Many of New York City’s museums reflect the fact that they’re in such an international destination. The Asia Society and Museum (725 Park Ave., 212/288-6400, showcases the diversity of more than 30 Asia-Pacific countries and the Japan Society (333 E. 47th St., 212/832-1155, offers insight into all things Japanese.

The Hispanic Society of America (Broadway and 155th St., 212/926-2234, focuses on the art, literature, and culture of Spain, Portugal, the Philippines, and Latin America and has works by Goya, El Greco, and Velasquez. El Museo del Barrio (1230 Fifth Ave., 212/831-7272, is a cultural center for Spanish Harlem and displays work by Puerto Rican, Caribbean, and Latin American artists.

The Neue Galerie New York (1048 Fifth Ave., 212/628-6200, focuses on German and Austrian art; the Scandinavia House: The Nordic Center in North America (58 Park Ave., 212/879-9779, has a full calendar of art exhibitions, lectures, and special events. Through its extensive collections, the Ukrainian Museum (222 E. 6th St., 212/228-0110, demonstrates the scope and beauty of Ukrainian culture.


The new Rubin Museum of Art (150 W. 17th St., 212/620-5000, showcases Himalayan culture. Tibet House (22 W. 15th St., 212/807-0563, increases the awareness of the art, culture, and heritage of Tibet.

New York City is also a world stage for the performing arts, with Carnegie Hall (881 Seventh Ave., 212/247-7800,, Lincoln Center for the Performing Arts (212/721-6500,, Town Hall (123 W. 43rd St., 212/840-2024,, and the Joyce Theater (175 Eighth Ave. at 19th St., 212/242-0800, attracting internationally acclaimed orchestras, dance companies, and more. The Irish Arts Center (553 W. 51st St., 212/757-3318, celebrates all things Irish.


Queens: An Ethnically Diverse 112 Miles The residents of this New York City borough are one of the most diverse groups in the country – so diverse that the local subway line, the number 7, is called the “International Express.” Home to John F. Kennedy International Airport and La Guardia Airport, Queens is often the first entryway for millions to New York City and the United States.


As home to the largest Greek population outside of Greece, Astoria is the Athens of the United States, with authentic restaurants and markets on Ditmars Boulevard. Move onto India and the rest of South Asia with a visit to Jackson Heights, which has an array of restaurants, sari shops, and video stores with the latest Bollywood offerings.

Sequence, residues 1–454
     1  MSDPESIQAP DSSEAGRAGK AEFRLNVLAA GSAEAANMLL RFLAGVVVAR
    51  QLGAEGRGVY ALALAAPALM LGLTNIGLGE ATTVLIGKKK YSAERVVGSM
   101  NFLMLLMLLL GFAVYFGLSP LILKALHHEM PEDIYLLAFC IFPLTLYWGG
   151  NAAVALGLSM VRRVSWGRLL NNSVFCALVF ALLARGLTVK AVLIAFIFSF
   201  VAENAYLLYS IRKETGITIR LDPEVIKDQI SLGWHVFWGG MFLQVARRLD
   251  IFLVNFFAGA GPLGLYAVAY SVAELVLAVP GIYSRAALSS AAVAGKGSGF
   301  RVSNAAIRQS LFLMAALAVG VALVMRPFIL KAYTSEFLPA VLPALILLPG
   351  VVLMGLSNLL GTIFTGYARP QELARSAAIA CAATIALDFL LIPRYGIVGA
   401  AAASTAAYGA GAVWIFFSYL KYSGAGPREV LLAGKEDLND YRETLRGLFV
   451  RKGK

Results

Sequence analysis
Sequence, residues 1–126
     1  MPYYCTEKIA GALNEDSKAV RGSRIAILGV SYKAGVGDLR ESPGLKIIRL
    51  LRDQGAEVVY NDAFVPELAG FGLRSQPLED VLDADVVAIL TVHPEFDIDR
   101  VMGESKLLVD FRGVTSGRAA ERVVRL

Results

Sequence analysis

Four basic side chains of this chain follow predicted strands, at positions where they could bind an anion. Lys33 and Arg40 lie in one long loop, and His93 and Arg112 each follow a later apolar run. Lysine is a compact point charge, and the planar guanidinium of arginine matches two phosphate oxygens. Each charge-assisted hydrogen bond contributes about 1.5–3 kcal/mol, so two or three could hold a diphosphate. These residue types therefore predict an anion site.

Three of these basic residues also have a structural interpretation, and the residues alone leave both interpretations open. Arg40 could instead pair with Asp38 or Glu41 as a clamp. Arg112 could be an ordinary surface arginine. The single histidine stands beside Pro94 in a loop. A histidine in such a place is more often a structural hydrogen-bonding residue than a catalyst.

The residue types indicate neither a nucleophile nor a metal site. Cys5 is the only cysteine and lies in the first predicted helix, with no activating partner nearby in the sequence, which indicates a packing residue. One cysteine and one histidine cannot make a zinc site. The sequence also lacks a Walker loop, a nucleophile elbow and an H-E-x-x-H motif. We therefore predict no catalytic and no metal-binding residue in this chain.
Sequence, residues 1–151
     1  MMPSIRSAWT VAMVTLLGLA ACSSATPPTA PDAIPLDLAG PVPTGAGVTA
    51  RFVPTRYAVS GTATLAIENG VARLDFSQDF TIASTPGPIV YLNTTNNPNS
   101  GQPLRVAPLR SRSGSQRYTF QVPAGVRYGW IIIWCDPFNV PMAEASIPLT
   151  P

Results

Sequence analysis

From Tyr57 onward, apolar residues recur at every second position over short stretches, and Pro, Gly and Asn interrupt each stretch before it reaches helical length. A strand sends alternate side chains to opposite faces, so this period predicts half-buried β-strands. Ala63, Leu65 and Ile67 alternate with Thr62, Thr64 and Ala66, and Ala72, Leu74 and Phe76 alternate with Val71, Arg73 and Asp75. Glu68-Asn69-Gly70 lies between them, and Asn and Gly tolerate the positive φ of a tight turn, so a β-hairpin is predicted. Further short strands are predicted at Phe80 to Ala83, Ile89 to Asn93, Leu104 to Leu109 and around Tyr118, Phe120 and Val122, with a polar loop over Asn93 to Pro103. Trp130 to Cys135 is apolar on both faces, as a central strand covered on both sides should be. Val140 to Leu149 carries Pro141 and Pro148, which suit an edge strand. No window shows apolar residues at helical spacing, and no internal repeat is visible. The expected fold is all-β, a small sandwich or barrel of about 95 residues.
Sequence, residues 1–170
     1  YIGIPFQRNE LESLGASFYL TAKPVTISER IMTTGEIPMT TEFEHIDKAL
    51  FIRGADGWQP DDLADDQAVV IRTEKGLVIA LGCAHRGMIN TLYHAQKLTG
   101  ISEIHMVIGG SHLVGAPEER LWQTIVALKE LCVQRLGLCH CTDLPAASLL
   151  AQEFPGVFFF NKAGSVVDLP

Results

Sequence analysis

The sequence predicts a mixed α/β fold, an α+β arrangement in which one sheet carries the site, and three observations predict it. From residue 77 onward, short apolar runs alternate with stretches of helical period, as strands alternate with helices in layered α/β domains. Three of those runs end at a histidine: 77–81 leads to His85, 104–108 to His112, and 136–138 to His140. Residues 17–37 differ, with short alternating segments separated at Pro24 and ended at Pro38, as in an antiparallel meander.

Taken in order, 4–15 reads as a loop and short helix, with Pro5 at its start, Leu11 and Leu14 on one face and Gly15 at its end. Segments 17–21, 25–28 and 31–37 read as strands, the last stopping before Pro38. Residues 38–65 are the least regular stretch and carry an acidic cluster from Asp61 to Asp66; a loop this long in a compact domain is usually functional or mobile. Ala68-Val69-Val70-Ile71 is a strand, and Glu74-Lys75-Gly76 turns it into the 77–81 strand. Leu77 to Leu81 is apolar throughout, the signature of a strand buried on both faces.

For greater appreciation of South Asian art, spend an afternoon at the Queens Museum of Art (Flushing Meadows-Corona Park, 718/592-9700, Afterwards, explore Flushing Meadows-Corona Park, home to the Unisphere, the giant steel globe structure that serves as a symbolic reminder of the 1939 and 1964 World’s Fairs.

Queens is also home to a big Latin community with a strong presence in Jackson Heights, Corona, East Elmhurst, and Astoria. The work of local Latino artists is featured at the Jamaica Center for Arts & Learning (161-04 Jamaica Ave., 718/658-7400, The Queens Theatre in the Park (718/760-0064, hosts an annual festival that is an international showcase of artists from 17 nations who will perform genres including Andes folk, flamenco, and Latin jazz.

More world music can be enjoyed at Flushing Town Hall (137-35 Northern Blvd., 718/463-7700, with summer concerts that include salsa, reggae, soca, and calypso. In addition to music, the neighborhood of Flushing is a big draw with Chinese and Korean restaurants, herbalists, and other Asian businesses.

For an active look at this area consider the tour by Bike the Big Apple (877/865-0078, called Satchmo and More -- The Queens Quest Bike Tour. Stops include the house of jazz great Louis Armstrong, Flushing Meadows-Corona Park, the Unisphere, a Hindu temple, and a taste of Italian ice in Corona.

The free weekend Queens Culture Trolley, which can be picked up at the Queens Museum of Art (718/592-9700, Flushing Meadows-Corona Park,, takes you on a weekend journey every Saturday and Sunday at 3:30pm through Flushing Meadows-Corona Park to Northern Boulevard’s Restaurant Row, Corona and the Louis Armstrong House, Jackson Heights and the flavors of South Asia.

Entertainment and dining are exciting – and authentic – experiences. Spend an evening at a Spanish theater production or a Romanian night club, hear traditional music at an Irish pub, or join in Czech songs at an authentic Bohemian beer garden. Restaurants reflect residents’ backgrounds from Italian to Indian and Turkish to Thai. Try Korean barbeque in Flushing, Brazilian churrascuria in Corona, an Indian smorgasbord in Jackson Heights.

Surprises in Staten Island Long a haven for Italian-American and Irish-American populations, Staten Island’s population is changing. According to the 2000 census, this borough’s population is diversifying and has grown by 17 percent in the last decade. Hispanics account for 12 percent of the population, while six percent of Staten Island residents are Asian.

Staten Island’s international-themed cultural gems include the cliff-hanging Jacques Marchais Museum of Tibetan Art (338 Lighthouse Ave., 718/987-3500, whose buildings resemble a Himalayan mountain temple.

In June Snug Harbor Cultural Center (1000 Richmond Terrace, 718/448-2500,, will host Harmony Fair, an all-day extravaganza that showcases the cultures of the world, with food, performances, concerts, music, and dance.

One of ten themed gardens at the Staten Island Botanical Garden (1000 Richmond Terr., 718/273-8200,, part of Snug Harbor, is the internationally renowned Chinese Scholar’s Garden. A replica of a Late Imperial Chinese garden, it has courtyards and reflecting pools and exquisite features like the Tea House of the Hearing Pines, the Wandering-in-Bamboo Courtyard, and the Pure Flow Bridge.

Historic Richmond Town (441 Clarke Ave., 718/351-1611, is home to colonial buildings, America’s oldest elementary school, and reminders of early Dutch, French, and British settlers.